On March 24, voting takes place in the British Protectorate of Uganda for a new Legislative Council.
On March 24, voting takes place in the British Protectorate of Uganda for a new Legislative Council. It is Uganda's first election on a common roll and, for the first time there will be an overwhelming African majority on the council. There are 198 candidates in 82 constituencies.
One of the most colourful personalities in the General Election is candidate Daudi Ocheng. Formerly Deputy Minister of Finance, he resigned recently to take part in the election as an independent. He showed the touch of a clever campaigner Mar. 19, as he attracted a crowd by distributing sweets to the local children in his Kampala constituency.
Mr. Ocheng - known as the "genial giant" - said he was standing as an independent to stress two issues: how to solve Uganda's constitutional difficulties, and how to tackle questions of citizenship in order that members of immigrant communities who choose can become citizens of Uganda.
The main contest in the coming elections is between the two main parties; the Democratic Party and the Uganda People's Congress. But there are enough additional candidates in the running to make it an open battle in many constituencies.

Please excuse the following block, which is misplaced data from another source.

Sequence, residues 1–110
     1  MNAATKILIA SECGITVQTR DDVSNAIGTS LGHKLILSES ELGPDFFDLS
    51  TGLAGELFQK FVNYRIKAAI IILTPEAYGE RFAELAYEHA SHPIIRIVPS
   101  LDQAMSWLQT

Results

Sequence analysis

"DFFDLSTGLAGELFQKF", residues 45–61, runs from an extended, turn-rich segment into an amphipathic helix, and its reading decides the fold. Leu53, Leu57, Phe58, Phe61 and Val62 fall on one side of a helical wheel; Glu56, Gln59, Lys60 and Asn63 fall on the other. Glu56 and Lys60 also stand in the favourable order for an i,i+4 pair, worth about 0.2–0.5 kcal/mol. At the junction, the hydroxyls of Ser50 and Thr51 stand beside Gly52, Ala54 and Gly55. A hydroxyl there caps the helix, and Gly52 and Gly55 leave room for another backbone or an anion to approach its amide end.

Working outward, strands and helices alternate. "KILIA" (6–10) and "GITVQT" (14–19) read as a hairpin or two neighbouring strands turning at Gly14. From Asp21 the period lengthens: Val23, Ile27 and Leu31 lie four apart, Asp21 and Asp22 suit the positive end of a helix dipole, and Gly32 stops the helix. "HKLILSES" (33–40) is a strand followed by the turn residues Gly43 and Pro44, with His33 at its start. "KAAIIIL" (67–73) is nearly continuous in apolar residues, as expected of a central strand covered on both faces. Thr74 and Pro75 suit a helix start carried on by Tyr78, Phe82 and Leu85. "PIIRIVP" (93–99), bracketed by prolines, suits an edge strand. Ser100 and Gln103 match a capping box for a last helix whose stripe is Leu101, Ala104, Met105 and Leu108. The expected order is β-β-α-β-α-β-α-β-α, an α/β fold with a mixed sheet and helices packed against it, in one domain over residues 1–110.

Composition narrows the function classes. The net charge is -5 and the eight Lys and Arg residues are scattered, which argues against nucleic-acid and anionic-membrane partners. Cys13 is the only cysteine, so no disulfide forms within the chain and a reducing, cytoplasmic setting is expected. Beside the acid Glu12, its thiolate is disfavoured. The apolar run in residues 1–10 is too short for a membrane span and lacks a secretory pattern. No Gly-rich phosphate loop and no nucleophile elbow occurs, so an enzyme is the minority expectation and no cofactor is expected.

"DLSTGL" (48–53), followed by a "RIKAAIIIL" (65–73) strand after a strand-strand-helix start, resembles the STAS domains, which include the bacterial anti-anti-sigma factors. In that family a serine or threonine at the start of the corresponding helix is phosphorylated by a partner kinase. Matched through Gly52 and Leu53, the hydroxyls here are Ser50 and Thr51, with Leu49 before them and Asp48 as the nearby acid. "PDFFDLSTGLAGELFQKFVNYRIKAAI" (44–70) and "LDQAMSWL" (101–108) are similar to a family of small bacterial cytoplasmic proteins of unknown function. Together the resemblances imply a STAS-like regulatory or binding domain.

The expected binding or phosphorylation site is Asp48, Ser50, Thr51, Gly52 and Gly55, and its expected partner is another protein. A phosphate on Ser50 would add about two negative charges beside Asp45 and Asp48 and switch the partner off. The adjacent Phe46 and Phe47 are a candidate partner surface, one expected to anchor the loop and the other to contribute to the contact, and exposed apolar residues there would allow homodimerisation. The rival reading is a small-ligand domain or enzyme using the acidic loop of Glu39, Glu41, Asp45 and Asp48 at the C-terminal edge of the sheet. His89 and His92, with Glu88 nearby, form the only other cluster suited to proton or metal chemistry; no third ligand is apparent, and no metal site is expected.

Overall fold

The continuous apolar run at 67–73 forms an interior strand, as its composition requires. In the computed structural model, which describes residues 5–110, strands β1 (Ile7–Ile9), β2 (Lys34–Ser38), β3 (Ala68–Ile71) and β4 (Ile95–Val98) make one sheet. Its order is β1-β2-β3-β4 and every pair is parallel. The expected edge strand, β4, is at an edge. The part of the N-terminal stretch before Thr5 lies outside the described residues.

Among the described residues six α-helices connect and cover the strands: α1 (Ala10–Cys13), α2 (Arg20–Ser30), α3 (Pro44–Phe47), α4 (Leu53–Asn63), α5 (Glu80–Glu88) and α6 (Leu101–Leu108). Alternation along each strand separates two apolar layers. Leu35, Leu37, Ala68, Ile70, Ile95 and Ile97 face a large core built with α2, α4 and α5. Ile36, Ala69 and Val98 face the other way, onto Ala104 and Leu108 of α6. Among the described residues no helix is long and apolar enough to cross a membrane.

Some report the election as having an air of unreality as less than 4 per cent of the population of Buganda which announced its secession from the other three provinces on December 31, 1960 - had registered for the election.
The election is one of three steps outlined by British Colonial Secretary Macleod to take Uganda along the road of constitutional development this year. A Relationships Committee is at present taking evidence regarding the future of the Protectorate and, based on their report, a constitutional conference was expected to take place in London during the Summer.